The Tissot exhibition recently opened to the public. On your visit to see the exhibition, don’t forget to stop by the Libraries and Archives display cases to view additional Tissot materials from our Special Collections and Archives. On display are early Tissot exhibition catalogs, a limited edition book set signed by Tissot, and letters regarding the 1900 exhibition installation, and purchase of the collection. Also, there are rare illustrated Bibles from the Library collection in the Tissot exhibition.
Tissot’s artworks attracted much attention at the turn of the twentieth century. The traveling tour of Tissot’s watercolors drew masses of people, the record being 23,000 visitors in one day in Chicago. At the closure of the tour in 1900, the Board of Trustees of the Brooklyn Institute of Arts and Sciences agreed to solicit funds for purchase of the collection, in part by public subscription. The call for help was made to Brooklynites through a series of notices and announcements in the Brooklyn Daily Eagle.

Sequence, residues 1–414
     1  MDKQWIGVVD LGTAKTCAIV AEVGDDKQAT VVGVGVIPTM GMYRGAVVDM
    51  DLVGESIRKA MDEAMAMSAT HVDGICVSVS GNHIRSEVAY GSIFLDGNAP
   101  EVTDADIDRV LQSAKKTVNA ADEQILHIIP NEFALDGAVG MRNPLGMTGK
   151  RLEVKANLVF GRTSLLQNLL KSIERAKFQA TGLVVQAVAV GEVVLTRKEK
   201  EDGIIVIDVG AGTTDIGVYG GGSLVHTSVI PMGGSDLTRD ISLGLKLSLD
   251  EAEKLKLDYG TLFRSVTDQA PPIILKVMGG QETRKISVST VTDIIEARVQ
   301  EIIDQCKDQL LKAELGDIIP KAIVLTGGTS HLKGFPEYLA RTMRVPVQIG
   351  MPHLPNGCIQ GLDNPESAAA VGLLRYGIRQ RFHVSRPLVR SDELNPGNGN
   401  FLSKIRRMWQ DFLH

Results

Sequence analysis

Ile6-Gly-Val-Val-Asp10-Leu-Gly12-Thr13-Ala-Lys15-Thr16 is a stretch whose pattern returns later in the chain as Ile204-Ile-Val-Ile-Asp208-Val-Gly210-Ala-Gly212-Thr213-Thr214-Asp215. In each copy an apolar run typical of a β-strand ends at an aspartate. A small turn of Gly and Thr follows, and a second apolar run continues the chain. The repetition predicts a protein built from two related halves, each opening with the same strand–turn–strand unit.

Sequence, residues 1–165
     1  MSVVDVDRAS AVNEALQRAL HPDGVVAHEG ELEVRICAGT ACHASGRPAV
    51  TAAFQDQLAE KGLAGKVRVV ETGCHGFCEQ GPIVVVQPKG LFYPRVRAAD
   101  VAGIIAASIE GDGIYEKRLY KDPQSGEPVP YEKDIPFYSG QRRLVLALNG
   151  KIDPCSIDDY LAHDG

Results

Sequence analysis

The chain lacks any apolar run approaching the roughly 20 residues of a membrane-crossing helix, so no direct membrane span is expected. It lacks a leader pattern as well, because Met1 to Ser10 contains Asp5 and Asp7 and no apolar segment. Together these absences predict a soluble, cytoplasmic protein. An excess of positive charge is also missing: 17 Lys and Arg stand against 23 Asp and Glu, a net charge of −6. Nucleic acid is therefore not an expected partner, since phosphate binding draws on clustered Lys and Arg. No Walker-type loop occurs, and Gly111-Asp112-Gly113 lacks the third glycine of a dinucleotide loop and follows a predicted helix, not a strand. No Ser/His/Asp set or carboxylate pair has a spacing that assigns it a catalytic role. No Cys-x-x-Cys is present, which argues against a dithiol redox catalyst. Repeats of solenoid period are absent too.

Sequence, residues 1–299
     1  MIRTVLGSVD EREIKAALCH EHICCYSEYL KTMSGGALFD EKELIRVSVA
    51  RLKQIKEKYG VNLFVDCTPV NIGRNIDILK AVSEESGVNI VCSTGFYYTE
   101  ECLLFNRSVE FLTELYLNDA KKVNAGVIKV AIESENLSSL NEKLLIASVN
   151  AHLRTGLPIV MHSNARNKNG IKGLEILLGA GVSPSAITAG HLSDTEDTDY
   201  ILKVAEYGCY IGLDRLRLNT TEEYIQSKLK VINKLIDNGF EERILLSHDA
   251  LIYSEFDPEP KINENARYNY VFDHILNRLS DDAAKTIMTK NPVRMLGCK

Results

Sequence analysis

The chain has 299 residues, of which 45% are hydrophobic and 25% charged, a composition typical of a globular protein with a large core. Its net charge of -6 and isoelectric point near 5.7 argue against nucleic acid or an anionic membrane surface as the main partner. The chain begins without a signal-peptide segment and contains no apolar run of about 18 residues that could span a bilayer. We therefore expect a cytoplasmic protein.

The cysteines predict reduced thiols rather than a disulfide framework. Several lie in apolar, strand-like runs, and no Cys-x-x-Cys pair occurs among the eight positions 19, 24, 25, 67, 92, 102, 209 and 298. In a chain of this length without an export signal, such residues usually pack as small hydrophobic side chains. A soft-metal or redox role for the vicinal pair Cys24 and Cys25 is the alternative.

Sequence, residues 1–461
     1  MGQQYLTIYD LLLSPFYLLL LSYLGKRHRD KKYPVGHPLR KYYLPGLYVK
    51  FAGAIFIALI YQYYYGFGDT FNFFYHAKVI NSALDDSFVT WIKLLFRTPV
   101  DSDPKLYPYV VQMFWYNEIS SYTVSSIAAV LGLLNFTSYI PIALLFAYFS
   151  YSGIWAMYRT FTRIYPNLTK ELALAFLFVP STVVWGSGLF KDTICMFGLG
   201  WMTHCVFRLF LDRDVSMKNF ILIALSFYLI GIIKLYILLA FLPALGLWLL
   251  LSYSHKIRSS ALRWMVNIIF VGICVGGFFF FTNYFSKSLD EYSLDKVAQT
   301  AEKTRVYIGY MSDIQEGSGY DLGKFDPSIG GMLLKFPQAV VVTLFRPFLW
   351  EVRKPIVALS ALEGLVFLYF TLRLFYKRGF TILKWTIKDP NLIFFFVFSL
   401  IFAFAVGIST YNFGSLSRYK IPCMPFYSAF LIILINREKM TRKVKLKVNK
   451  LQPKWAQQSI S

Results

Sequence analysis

Subscriptions flowed in at the rate of $300 – $1000 per day for several months, and the names of contributing individuals were periodically published in the Brooklyn Daily Eagle. These articles can be viewed online through Brooklyn Public Library’s digitization of the Brooklyn Daily Eagle. Conducting a simple keyword search for “Tissot” will return many results, revealing the public perception of Tissot’s artwork and the story of how the citizens of Brooklyn came together to acquire these works for the Brooklyn Museum collection.